Strange that has not been flagged up as a concern.
No, and it’s only really begun to surface because we now think we know what the customs arrangements might look like. I suspect that you could get around this by the Treasury changing the rules.
They could find ways of suspending those on-the-nail payments, and if they do, that’s fine, but that would have an effect on the public finances. One way or the other, we need a decision, and we don’t have one.
That, I think, is one of the problems for all small and medium-size businesses, particularly those in the food and drink sector where there are tight margins and firms are quite narrowly financed. They’re vulnerable to shocks, as we saw with the CO2 shortage in the summer. We’ve seen this on various food safety issues.
We will undoubtedly see it on Brexit. If you happen to make plastic straws, you’ll see it now. All of these things are sudden hits, on top of what’s going to be a pretty ropy harvest.
It’s not just that there’s one or two of them a year, because I suspect most industries have that all the time, but it’s the kind of continuous nature of these shocks that’s making it very difficult. On the other hand, it’s an extremely entrepreneurial, extremely lively sector, so I’ve no doubt that people will get through, but I think they would be right to be feeling fragile.
We know from the way farmers and milk producers are subjected to very tight terms from the retail sector that it’s not easy out there. Is that reflected across the sector? Are they constantly having to fight terms battles with the retailers?
I’m not trying to cast retailers as the big bad wolf, but there is such insane competition between the four big retailers, the discounters and the other stores in the field that maintaining margins is really a struggle. Then there is online click and delivery, and the potential for Amazon coming in.
All of this makes for a fantastic set of choices for the shopper. UK shoppers have never ever had such a profusion of choice and of qualities at all price points. They are the best catered for shoppers of food and drink in the world, bar none; and it’s all done in an environment which is by and large pretty near to where they live.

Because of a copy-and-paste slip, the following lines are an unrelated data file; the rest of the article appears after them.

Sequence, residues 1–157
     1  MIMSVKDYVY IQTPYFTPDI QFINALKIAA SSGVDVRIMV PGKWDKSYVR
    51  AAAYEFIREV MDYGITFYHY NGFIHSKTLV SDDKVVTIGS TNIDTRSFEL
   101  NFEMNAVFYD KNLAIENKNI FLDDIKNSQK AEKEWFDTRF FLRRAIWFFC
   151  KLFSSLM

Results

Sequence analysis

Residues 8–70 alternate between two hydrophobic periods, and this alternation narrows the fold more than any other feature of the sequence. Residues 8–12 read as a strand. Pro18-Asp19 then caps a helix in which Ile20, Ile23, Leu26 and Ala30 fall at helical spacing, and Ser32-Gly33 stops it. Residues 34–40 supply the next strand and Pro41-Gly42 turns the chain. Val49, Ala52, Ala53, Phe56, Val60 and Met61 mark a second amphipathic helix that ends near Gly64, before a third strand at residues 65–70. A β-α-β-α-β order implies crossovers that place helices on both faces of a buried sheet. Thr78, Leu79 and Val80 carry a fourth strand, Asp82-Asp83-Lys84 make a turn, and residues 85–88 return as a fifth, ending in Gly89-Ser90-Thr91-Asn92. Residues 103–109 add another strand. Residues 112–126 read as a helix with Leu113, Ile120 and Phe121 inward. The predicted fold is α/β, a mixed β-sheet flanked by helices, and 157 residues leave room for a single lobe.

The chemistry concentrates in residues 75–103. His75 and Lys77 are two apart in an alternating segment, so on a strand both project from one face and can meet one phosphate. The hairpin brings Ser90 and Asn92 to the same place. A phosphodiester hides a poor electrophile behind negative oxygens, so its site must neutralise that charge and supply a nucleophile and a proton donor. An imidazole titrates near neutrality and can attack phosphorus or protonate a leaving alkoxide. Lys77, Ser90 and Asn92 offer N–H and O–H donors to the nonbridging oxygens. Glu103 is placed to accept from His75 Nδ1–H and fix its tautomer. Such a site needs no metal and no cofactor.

The consequence of that is that retailers and manufacturers are engaged in extremely tough negotiations to maintain the quality of choice and the efficiency of pricing, and that is tough for the manufacturer.
The Manufacturer has recently put the UK’s food and drink sector under the spotlight, producing a range of interviews, features and analysis:
Liquid Gold – The UK wine and spirit industry is made up of whiskies (other than Scotch), gin and spirits distillers, brewers and winemakers, and they have an enviable reputation worldwide. Inevitably, however, their fortunes will rise or fall depending on the kind of Brexit that finally emerges, as Miles Beale – chief executive of the UK Wine and Spirit Trade Association – tells us.
Threats and Opportunities – Food and drink is by far the biggest sector in UK manufacturing. From small local producers to global brands, the country has a brilliant track record as an innovator, exporter and world-beater in products from Scotch whisky to chocolate and cheese. The sector faces much the same challenges as other parts of UK manufacturing, plus some of its own, as Nick Peters reports.
Open Innovation – A consortium of food and drink companies is successfully working together to harness the potential of ‘open innovation’. But what makes this collaborative approach to innovation such a compelling strategy for FMCG businesses and others?
The Spirit of Success – Forty-seven million bottles of gin worth £1.2bn were served up last year in the UK. That’s enough to make 1.32 billion G&Ts! Gin has never been more popular and varied, and innovative manufacturer G&J Distillers is making the most of this trend. Maddy White reports.
Automation at Sub-Zero Temperatures – Robots are commonplace on manufacturing assembly lines, but what can they offer the chilly world of ice-cream making? The short answer is ‘plenty’, as Maddy White discovered when she met ‘Cookie’.
Food and drink will be no different from any other manufacturing sector in their constant drive for greater productivity and efficiency. That leads inevitably to the level of uptake in the food and drinks sector of Industry 4.0 technologies, or digital tools, to bring costs down and margins up.
What is the uptake? Is it healthy, or is there caution out there?
I think there is caution on investment for all the reasons that we’ve talked about, Brexit in particular. But there is a bit of a feeling that food and drink processing is a little less susceptible to automation than other sectors. The example everybody always give is filleting